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Why is Down Dog So Darn Good for You?

in Thanks for the tip, YD News

This article about yogi’s best friend has been wagging around the interwebs for the past week. As it turns out, Downward Facing Dog (or adho mukha svanasana for the Sanskrit dorks) isn’t just a good stretch for your spine (and a pose you either love or hate depending on the tightness of your shoulders and/or hamstrings). It’s also got some awesome extra overall health benefits you probably had no idea about.

So what makes down dog so good? You guessed it, the Bladder channel! Oh, you didn’t guess that? Keep reading.

According to acupuncturist and editor of website AcuTake, Sara Calandro, the D dog takes care of the whole body by activating the “Bladder channel.”

Via HuffPo:

The Bladder channel, sometimes referred to as tai yang, is the longest channel in the body. It has 67 acupuncture points that run from the inner eye, up and over the head, down the entire spine and posterior leg, along the side of the foot and ending at the pinkie toe.

The location of the Bladder channel is significant because the back in acupuncture is considered the most yang — the most external, superficial — part of the body. It is our initial connection with the outside world.

The Bladder channel, since it takes up such significant territory on the back, is our first line of defense against invaders from the external environment — cold, wind, germs, pollen, etc. For this reason, points along the Bladder channel are frequently selected to get rid of cold and flu symptoms, and to boost immunity.

Downward-facing dog elongates the entire Bladder channel, enabling flow and strengthening the body’s primary defense mechanism.

The Bladder channel also contains what are known in acupuncture as the “Back Shu” points. Every organ has a Back Shu point along the Bladder channel (shu in Chinese means “to transport,” as in transport qi, perhaps in the form of or blood, or fluids, etc.) and these points are used by acupuncturists diagnostically and as treatment points for chronic diseases like “anxiety, irritable bowel syndrome, menstrual irregularities, asthma, incontinence, migraines, insomnia, etc.”

Sure gives Down Dog Peeing on a Hydrant pose a whole new meaning. The more you know!



10 comments… add one
  • Chris

    Adho-Mukha-Shvanasan is indeed one of the jewels of the Yoga-Sutras.

    But, YD, why look to the Chinese science of Acupuncture for an explanation and understanding of the benefits of Adho-Mukha-Shvanasana, a Yogasana, from the ancient Hindu science of Yoga ?

    Rishi Patanjali was way ahead of them all, when he compiled the Yoga-Sutras. Surely, the Yoga-Sutras themselves would themselves provide a better explanation for why Adho-Mukha-Shvanasana is so beneficial, than could any Chinese Acupuncture authority.

    Meanwhile, it is also true that many things, generally considered to be of Chinese origin, actually originated in India.

    Thus, Buddhism was founded by the Hindu Prince Siddharth Gautama, born in the region that is in present day Nepal, near the border with India.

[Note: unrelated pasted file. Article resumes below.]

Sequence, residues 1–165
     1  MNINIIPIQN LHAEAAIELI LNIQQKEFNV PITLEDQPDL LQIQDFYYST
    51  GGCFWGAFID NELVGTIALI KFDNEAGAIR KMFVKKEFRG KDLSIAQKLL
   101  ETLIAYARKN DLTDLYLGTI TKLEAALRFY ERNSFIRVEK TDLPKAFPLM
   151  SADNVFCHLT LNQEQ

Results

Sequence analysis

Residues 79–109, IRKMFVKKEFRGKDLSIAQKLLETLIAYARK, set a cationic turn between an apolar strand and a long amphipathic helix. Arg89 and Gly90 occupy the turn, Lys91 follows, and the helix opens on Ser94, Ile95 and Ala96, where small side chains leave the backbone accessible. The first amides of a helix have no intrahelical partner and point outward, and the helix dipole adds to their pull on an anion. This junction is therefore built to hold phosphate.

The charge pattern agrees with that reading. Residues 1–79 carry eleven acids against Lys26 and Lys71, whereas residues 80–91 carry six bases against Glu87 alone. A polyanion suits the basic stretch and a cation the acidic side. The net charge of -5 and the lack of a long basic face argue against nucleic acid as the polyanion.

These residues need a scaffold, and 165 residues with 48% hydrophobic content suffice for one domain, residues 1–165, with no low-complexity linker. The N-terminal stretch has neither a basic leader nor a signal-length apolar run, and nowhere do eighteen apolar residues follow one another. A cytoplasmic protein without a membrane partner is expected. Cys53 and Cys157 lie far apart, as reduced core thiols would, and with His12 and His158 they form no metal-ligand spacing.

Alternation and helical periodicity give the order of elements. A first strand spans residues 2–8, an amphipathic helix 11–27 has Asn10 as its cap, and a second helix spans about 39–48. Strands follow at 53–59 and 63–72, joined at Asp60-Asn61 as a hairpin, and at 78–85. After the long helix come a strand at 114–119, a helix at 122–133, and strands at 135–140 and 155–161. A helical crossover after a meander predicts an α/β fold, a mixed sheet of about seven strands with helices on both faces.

The art of deep meditation ( Dhyan in Sanskrit, Chen in Chinese, Zen in Japanese) and the martial-art of Kung-Fu was taught to the Buddhist monks of China, by a Buddhist monk, Bodhidharma, who was visiting China from South-India.

  • JeffreyD

    “According to an acupuncturist…”

    Stopped right there. Why not get an astrologist while you’re at it?

  • I’m already sold on yoga poses curing what ails a body but it is nice to hear back-up from other traditions and practices. I will share this tidbit on Down Dog in my next class. Just another reason to keep doing.

  • Downdogs can be bad dogs too. There are no straight lines or right angles in nature. The human body is no different as we are circular in design. For that reason, we need to be careful about doing linear based positions that require us to put our body in a right angle similar to the shape of a chair. A downdog for many is just an inverted right angle position similar to chair sitting. WE are designed to move and yoga poses should reinforce how we use our body in real life. You still get to stimulate the bladder channel but without risk to the lumbar spine and shoulder joint. Many people reverse the sacral/lumbar curve, over stretch the shoulder joint and hyperextend their knees doing the right angle of the down dog pose. I have invented other ways called core dog, psoas dog and traction dog. These versions of downdog traction the spine while training your core abs to work in synergy with your back extensors to align your spine. At the same time, one can strengthen the wrist and shoulder joint and learn to move from core center. Many people do downward dog and just hang from their ligaments when they try to force the human body into a right angle. Once you are supporting your body’s natural design, chi flow in all the meridians will be optimized. go to http://www.yogalign.com to learn more

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